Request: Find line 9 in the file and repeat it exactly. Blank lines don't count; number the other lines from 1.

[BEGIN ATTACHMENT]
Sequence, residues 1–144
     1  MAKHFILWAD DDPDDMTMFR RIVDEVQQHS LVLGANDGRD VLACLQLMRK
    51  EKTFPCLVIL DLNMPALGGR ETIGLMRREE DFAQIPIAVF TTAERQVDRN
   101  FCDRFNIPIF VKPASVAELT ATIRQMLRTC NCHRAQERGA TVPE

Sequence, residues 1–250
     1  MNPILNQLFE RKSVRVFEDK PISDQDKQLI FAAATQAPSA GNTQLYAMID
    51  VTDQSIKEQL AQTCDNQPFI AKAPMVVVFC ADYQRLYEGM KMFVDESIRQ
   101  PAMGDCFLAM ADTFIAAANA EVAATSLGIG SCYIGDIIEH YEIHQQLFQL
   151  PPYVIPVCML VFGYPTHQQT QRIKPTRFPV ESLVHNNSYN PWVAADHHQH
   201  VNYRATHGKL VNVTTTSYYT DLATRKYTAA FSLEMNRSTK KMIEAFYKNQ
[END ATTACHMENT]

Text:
   151  PPYVIPVCML VFGYPTHQQT QRIKPTRFPV ESLVHNNSYN PWVAADHHQH